The other day, I was making a cup of afternoon tea. That has become a habit since I’ve been staying at home. I’ve pulled out the fancy loose-leaf teas only to find most are years old and taste either bland or spoiled—into the compost they go. So, yesterday was just a plain old orange spice teabag.
Anyway, the kettle whistled, I filled my mug, set the kettle right back down on the still-hot burner, and turned away to return to the dining room. When the kettle inevitably started whistling again, I couldn’t believe how annoyed I was. Not at myself, for putting it back on a hot burner, but at the kettle.
It’s easier to be angry at external objects than it is at ourselves for the actions we’ve taken. And by “we” I mean “I.”
I went walking (interspersed with some lackadaisical running) the last two mornings in a row, and both times I walked past these two signs:
The first time I saw them, I found them heartening and reassuring. The second time, though, I thought, “Well, there’s a meaningless platitude,” which I think is probably unfair and that the person who put them up meant them sincerely. Are we not alone, though, in some way? Is it something we’re talking ourselves in order to convince ourselves that being by ourselves in our homes, we’re still part of a collective experience with a sense of belonging?
And are you expecting me to go full-on Carrie Bradshaw here and write, “I couldn’t help but wonder, am I the one giving up?” But let’s not go full-on Carrie.
This past weekend, I mowed the lawn. (Does this seem like a random collection of anecdotes? Probably because it is. I don’t know whether there’s a thread tying them together other than the fact that I’m writing them now.) It was the first time this season that the grass needed cutting, although if I’m honest, it probably needed it a week ago. In any case, I was almost done when I ran the mower across a bumpy patch of yard and boom. Baby rabbits went running everywhere. Or at least, it seemed like everywhere. In reality, there were only three; one went left, one went right, and the other just lay there turning itself over again and again. I didn’t know what to do, but my first instinct was to see if it was bleeding, so I picked it up. Probably, this is exactly what you’re not supposed to do with a wild animal, but my instincts are frequently incorrect.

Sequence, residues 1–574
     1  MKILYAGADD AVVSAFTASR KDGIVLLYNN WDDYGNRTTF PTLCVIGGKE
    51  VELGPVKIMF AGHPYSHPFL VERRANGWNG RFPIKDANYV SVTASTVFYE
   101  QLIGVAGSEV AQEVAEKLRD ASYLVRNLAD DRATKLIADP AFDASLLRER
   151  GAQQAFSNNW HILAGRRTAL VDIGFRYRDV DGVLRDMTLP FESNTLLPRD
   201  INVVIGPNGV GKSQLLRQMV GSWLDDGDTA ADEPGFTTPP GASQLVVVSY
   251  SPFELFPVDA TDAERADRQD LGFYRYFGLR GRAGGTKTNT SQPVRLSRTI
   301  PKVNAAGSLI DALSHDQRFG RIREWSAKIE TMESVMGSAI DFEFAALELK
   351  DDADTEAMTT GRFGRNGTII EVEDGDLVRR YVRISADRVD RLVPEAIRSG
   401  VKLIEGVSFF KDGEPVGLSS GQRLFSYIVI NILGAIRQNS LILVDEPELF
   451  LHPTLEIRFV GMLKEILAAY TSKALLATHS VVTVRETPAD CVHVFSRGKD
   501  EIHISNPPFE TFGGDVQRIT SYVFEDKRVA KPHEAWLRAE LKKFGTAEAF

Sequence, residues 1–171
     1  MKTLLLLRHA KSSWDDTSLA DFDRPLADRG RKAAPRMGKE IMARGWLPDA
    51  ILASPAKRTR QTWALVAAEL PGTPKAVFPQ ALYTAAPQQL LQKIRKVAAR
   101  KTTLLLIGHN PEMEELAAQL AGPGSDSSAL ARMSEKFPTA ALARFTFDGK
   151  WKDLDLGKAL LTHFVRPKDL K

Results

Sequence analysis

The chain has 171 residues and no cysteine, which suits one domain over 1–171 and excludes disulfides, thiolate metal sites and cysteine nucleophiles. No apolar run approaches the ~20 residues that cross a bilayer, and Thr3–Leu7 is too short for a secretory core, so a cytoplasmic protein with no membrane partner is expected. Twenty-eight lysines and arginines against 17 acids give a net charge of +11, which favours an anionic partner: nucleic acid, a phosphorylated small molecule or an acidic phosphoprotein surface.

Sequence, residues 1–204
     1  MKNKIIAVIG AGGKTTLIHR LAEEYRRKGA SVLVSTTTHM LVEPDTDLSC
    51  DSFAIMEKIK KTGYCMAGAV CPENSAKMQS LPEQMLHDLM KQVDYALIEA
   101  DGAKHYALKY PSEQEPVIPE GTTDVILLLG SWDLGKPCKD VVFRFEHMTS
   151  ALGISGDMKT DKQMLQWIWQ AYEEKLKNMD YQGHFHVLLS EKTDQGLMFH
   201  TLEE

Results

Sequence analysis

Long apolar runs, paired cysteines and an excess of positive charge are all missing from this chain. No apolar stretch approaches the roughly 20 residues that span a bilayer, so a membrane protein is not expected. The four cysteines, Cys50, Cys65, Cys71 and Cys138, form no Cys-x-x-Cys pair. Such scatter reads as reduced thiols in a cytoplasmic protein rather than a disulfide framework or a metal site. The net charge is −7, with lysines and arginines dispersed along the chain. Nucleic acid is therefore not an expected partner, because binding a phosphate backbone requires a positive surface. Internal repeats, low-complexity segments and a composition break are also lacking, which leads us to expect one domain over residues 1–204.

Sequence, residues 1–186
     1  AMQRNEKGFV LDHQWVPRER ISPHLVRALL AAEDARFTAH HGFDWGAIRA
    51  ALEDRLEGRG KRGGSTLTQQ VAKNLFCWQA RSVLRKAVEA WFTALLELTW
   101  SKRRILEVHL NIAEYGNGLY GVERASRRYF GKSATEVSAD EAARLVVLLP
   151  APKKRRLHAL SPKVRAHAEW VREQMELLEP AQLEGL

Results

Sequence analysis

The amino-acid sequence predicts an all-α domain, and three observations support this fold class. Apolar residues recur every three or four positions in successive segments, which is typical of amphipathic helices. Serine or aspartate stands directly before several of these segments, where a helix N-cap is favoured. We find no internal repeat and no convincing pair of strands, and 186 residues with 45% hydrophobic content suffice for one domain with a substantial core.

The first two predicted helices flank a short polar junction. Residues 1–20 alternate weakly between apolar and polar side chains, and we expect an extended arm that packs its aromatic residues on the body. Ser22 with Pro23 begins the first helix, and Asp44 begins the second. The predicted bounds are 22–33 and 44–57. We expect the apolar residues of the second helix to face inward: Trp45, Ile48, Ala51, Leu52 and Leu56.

It was so small. My gloves dwarfed it; one would have held it easily. It wasn’t bleeding; this was a relief to me, although not by much, since it was clearly in distress I couldn’t imagine. I held onto it until it seemed to calm down, and after I finished mowing the lawn, I returned it to the little hole that was lined with fur and leaves.
Later, I found the other two rabbits on opposite sides of the yard, sheltering against the fence. I left them alone. When I went out later that evening, I couldn’t find a trace of them. When I checked the rabbit in the nest, I knew I wouldn’t find it alive. If I had to guess—they’re fragile things—it probably was scared to death. That is, I scared it to death.
I don’t know what this has to do with getting angry at a tea kettle or overthinking random neighborhood signs, but three anecdotes seems like a good place to stop, but not give up.